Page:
Anthony Peterson is also the sum of his parts. Unfortunately it seems that every one of these parts wants a piece of him. His adult children seem to be tied to him only for the money. His ex-wife despises him and has no qualms about betraying him. His business associates soon prove to want a piece of the action for themselves. Would his trophy wife really remain with him without all of his millions? If these are all of the parts of Anthony Peterson then what is left of Anthony Peterson when each part of him takes their share?
Most terrifying for Anthony Peterson (though I daresay tantalizing for the reader) is the ever-present question of who might be behind this terror. If his coworkers, family and friends are as bloodthirsty and money hungry as the kidnappers, Peterson much face the very real possibility that one or more of those close to him may be in on or even behind this great terror in his life. Just who from his past or present is capable of such a nightmare scenario?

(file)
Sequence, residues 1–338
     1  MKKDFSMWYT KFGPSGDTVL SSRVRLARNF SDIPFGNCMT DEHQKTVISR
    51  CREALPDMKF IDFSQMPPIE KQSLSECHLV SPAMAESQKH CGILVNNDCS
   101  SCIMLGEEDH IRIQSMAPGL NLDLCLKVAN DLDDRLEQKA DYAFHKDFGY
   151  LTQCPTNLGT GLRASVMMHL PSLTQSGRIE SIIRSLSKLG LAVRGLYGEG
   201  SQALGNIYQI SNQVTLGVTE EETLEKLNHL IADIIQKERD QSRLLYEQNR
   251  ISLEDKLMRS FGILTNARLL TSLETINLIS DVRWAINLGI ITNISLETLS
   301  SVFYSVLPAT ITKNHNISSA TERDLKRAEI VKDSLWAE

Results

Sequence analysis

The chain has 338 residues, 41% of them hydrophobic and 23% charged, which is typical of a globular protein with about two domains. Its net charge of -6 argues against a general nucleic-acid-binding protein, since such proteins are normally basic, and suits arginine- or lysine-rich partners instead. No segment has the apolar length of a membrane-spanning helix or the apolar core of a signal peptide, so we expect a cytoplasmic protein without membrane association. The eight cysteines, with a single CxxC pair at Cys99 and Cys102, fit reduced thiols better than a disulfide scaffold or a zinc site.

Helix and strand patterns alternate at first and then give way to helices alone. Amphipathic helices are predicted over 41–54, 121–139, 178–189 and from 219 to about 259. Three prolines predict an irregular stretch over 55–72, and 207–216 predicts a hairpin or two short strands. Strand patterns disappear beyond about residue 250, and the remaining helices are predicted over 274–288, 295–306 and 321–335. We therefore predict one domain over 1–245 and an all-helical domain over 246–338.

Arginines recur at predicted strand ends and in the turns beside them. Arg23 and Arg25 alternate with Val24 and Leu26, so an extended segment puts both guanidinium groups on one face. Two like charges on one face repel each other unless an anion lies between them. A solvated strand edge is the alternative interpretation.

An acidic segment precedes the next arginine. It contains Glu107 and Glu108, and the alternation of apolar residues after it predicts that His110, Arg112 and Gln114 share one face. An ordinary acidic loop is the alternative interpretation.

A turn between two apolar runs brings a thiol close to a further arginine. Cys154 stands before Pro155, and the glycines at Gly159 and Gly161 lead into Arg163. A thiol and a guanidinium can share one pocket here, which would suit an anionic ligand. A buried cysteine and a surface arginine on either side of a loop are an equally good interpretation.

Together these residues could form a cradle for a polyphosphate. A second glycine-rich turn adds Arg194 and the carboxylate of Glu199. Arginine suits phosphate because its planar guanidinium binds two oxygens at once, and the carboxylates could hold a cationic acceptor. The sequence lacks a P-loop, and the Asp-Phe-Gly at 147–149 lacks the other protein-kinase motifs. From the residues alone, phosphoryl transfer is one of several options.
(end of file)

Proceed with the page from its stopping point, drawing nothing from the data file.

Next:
As Peterson’s only window to the outside world is what he hears through his telephone, the entire world is temporarily rendered cave shadows for Peterson. Could his entire reality be faked? And if Anthony Peterson’s very reality could be in doubt, what is left of him?
In my creation of the novel version of [Cargo] the voice of Ron Thompson informed the characterization of Anthony Peterson that I developed from the original screenplay. Ironically this was especially valuable as Ron Thompson is not at all like Anthony Peterson in real life. Ron is a veteran actor and gentleman who is not the sort of person one could describe as “cutthroat”. In his discovery of the dark side of the character, Ron Thompson helped to bring out the many layers of Anthony Peterson from the surface to the depths. It was my job to provide the textual bridges between each layer and to truly explore the amalgam that is [Cargo]’s main character. In short, who is Anthony Peterson really? You might not know for sure until well after you have read the last page.
Thanks so much for this fabulous #guestpost! Although today is the last stop, make sure you check out the tour / reviews, #bookjunkies and if this post piques your interest, grab a copy of the book from amazon!